As you know, I’m not a big fan of sushi. On an average day, making sushi is far too much work for the home cook to take on: you have to make the rice, flavor it with vinegar, then let it cool, then make each sushi shape by hand, plus you need several different types of fish for credible sushi. It’s expensive, it’s time consuming, who needs it?
But what if you have a craving for raw tuna, but don’t want to go to all the trouble to make sushi? In that case, try this maguro zuke-don recipe, a kind donburi (see also Oyako-don) made by placing sashimi (raw fish – in this case, tuna) over a bowl of normal white rice.
The great thing is that even very lean tuna – which doesn’t make for very good sushi – works quite well in Maguro zuke-don. The result is this easy, quick, and really satisfying dish.
I love potato chips, but sometimes I find them too salty and oily, so they fail to satisfy. Jagaimo-mochi is a good alternative at times like that, a snack for when you’re a bit hungry and want something salty.
At heart, jagaimo mochi is an oyatsu – a mid-afternoon snack – the kind of thing moms make to welcome their hungry kids home from school, and so it’s tied to all kinds of childhood memories for me. But the recipe also works well as a light meal, or as a tasty grown-up nibble with beers.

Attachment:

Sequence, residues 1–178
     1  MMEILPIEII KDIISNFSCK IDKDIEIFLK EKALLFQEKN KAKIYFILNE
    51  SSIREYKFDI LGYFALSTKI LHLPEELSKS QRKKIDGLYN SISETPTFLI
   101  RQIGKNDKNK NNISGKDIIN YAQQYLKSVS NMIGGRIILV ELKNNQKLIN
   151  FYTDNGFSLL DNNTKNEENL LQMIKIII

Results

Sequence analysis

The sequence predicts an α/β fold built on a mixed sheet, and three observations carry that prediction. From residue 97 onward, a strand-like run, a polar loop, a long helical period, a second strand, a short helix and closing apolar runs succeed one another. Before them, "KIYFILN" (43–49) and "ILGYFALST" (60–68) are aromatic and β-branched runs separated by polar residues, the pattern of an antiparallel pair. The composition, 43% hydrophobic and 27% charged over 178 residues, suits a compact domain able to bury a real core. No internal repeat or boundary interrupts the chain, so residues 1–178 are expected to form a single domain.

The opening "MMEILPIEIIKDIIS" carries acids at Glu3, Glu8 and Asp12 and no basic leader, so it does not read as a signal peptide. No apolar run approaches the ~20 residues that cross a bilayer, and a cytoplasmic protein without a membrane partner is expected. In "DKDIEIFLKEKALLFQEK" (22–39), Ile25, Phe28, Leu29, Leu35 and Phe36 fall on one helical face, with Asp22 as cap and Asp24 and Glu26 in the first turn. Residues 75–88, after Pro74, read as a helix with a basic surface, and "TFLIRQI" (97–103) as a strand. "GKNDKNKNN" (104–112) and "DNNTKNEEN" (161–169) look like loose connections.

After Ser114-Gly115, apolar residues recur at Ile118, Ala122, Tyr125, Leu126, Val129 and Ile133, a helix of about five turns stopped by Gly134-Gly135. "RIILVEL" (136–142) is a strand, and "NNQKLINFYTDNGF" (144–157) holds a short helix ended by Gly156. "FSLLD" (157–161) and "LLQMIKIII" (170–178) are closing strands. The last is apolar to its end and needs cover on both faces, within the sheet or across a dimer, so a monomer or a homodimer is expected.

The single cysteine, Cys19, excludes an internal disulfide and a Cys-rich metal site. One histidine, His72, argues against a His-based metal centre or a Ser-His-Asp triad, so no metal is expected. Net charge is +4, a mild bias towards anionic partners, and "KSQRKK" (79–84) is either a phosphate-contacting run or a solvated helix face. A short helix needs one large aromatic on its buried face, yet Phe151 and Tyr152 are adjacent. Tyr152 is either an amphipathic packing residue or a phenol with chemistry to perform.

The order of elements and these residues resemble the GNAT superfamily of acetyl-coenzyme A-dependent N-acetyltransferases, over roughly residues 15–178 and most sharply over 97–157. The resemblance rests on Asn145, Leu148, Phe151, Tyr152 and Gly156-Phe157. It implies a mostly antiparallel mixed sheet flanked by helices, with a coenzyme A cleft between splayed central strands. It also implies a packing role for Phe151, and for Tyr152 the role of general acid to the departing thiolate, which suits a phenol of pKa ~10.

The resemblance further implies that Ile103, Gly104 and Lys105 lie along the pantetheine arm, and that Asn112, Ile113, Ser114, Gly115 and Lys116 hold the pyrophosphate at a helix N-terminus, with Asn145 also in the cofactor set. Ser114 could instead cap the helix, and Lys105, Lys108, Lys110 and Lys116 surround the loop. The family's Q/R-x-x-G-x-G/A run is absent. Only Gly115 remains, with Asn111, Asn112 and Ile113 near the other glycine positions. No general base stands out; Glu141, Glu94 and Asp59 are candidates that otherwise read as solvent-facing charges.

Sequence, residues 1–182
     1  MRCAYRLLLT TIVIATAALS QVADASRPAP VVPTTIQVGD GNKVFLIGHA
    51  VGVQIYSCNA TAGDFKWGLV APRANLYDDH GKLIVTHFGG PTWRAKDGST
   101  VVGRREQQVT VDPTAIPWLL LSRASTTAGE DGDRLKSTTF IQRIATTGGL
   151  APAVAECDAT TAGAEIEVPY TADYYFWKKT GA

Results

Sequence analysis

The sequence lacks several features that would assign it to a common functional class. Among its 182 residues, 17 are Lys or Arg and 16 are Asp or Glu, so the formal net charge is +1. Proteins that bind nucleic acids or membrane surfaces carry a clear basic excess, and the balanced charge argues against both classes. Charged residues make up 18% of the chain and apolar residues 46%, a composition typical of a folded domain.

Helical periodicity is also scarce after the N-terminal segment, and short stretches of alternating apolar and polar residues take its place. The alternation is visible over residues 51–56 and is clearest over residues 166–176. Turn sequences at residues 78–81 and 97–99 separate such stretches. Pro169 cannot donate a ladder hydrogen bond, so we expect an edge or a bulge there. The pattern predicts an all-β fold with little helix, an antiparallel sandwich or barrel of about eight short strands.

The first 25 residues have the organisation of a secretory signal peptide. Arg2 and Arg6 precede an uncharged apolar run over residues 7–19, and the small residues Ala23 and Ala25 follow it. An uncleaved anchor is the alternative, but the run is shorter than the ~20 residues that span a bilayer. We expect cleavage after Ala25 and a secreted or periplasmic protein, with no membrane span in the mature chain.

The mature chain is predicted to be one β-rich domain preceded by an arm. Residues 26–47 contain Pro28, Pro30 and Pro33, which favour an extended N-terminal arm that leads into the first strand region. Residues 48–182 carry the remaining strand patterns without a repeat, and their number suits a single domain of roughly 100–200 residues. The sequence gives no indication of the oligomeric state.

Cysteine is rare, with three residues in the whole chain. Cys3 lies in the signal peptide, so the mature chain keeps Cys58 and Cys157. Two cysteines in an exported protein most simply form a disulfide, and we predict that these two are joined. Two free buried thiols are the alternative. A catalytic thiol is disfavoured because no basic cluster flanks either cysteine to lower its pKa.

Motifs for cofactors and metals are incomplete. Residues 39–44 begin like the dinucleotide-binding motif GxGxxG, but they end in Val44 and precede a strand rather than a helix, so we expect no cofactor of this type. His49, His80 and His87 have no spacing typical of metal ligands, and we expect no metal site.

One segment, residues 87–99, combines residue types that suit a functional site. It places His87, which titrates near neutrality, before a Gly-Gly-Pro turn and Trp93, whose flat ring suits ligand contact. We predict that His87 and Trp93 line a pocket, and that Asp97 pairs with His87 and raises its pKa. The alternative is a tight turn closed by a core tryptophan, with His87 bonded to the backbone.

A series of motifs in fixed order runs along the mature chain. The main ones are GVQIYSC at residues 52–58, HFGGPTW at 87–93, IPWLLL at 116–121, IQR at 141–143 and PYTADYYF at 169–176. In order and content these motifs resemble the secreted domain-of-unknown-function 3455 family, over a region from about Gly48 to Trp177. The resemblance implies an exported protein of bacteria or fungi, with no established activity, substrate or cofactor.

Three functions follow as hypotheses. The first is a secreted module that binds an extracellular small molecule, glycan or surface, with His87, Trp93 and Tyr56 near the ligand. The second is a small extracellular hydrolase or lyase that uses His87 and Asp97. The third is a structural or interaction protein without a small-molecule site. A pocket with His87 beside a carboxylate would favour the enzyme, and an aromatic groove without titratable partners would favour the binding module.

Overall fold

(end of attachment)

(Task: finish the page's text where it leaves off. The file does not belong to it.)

At the end of the day, jagaimo mochi are potato pancakes, but not as you know them!
Lets be clear: standard Japanese rice is plain. No flavorings, no spices, no salt, no nothing. Just rice, water, heat and time. Older people in Japan – and even a good number of younger people – eat this kind of plain white rice three times a day. It’s like bread for Western people: there at every meal.
So that’s the standard thing. But once every great while mom gets frisky and decides to do something different with rice. Enter takikomi-gohan: a flavored rice that can serve as a main course. Takikomi-gohan can be eaten hot or cold, and it’s a popular lunch-box item. We don’t make this kind of rice every day. We don’t even make it often. But every once in a while, it really hits the spot.
Historians will tell you that tempura was introduced to Japan in the 16th century, by Portuguese traders. These days, nobody in Japan would dream of calling tempura foreign food, though: we think of it as quintessentially Japanese.
Deep fried bits of meat, shrimp or vegetables are not, of course, the first thing that pops into foreign people’s minds when they think of Japanese cooking. But tempura is a much loved treat throughout Japan: after all, even the healthiest diet should have some fried things in it once in a while!